Carol then dragged herself to the door and banged on the wall with a shoe. When no one came, she went to the bathroom to find something to cut the cords binding her ankles. She was in the bathroom holding a razorblade when Patti entered the room. Upon seeing Carol with the blade in her hand and blood streaming down her neck, Patti said, "Why did you do it?" Carol pulled her over to the notes to show her what she had written. Help arrived and Carol was taken to the hospital. The assailant did not rape Carol or Evelyn.
The Palmer House has 24 floors above street level and 2,144 guest rooms. There is an arcade at street level which can be reached through any of three public entrances. Automatically operated elevators at the street level go to all guest room floors. These elevators also go down to a lower arcade. The stores in the arcade level close at 10 p.m., but public access to the arcade continues through the street level entrances.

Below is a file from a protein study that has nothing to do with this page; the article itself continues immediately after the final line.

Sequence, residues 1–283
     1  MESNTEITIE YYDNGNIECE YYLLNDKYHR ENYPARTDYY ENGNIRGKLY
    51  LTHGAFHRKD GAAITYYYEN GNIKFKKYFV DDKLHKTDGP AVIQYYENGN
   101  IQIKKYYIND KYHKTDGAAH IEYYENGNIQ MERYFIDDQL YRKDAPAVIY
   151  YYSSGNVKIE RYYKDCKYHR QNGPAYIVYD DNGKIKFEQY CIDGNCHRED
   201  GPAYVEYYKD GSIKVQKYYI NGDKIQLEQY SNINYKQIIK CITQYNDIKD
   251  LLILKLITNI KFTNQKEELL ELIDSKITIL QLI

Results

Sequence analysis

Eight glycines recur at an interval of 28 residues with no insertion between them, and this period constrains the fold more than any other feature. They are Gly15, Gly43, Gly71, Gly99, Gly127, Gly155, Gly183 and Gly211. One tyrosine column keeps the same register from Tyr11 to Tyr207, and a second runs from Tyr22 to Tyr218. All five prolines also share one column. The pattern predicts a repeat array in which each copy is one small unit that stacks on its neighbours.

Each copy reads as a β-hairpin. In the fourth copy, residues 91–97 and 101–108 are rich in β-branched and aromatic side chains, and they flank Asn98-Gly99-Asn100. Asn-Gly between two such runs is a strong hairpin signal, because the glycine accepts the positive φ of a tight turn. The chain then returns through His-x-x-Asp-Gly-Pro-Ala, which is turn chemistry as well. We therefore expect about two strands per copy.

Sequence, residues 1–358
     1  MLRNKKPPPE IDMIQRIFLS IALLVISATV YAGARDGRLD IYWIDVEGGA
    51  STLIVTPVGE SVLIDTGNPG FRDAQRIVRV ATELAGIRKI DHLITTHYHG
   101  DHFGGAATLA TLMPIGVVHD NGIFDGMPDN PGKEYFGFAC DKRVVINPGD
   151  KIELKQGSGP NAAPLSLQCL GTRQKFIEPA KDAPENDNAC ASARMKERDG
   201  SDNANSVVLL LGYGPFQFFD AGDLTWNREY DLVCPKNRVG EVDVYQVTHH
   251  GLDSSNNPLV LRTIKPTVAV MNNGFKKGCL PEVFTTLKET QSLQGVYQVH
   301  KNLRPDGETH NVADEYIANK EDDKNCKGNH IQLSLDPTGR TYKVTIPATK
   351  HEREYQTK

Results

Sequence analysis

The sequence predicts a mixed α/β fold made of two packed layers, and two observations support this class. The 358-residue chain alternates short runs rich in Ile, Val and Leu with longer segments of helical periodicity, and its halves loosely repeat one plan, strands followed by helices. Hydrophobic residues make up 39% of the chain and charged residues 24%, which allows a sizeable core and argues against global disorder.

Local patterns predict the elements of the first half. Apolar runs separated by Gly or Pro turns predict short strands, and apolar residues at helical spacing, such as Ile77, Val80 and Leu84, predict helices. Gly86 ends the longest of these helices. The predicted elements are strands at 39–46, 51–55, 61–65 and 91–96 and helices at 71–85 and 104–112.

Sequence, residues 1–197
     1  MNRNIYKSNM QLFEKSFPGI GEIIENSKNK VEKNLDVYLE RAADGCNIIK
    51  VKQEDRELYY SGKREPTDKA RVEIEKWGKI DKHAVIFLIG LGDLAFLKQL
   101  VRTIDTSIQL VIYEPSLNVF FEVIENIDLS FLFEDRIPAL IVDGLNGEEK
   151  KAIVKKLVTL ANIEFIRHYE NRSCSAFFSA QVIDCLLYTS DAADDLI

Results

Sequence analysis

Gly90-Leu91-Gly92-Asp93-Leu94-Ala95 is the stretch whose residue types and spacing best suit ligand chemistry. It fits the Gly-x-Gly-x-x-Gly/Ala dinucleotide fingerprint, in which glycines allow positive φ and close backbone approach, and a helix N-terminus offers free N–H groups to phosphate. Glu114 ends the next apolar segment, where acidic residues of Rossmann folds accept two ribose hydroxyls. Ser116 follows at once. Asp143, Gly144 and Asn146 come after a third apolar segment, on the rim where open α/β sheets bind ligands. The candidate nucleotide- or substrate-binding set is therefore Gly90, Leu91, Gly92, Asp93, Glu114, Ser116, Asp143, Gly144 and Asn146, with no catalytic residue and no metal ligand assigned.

Frank Lopez, an expert witness for plaintiffs, became chief of security at the Palmer House in July 1970 and left its employ in May 1971. The Palmer House security force consisted of five men in each of three daily shifts. Three of the five men were given stationary positions, none of which were located at the street level entrances. The other two men patrolled all floors of the hotel. During the period between January 1 and July 16, 1970, there were several incidents of illegal entries of guest rooms by "undesirables." Lopez was of the opinion that a black man in jeans and with a messy afro would be considered a potential undesirable and would be challenged if observed by a security officer. Leonard Mackiewicz, a former security officer for the Palmer House, testified that the term "undesirable" would include any person causing a disturbance, prostitutes, and people who were not clothed properly. The term also would include anyone who looked suspicious to the witness.
Lopez recommended to management that additional men and an augmented security program were necessary, given the size of the Palmer House and the number of illegal entries in the recent past. He believed that it would have taken 15 to 20 men per shift to provide adequate security for hotel guests. Prior to the present occurrence, Lopez recommended that the security staff be increased to eight men per shift. He asked for a smaller increase because he felt that management would be more receptive to the proposal. As of July 16, 1970, his request had not been granted.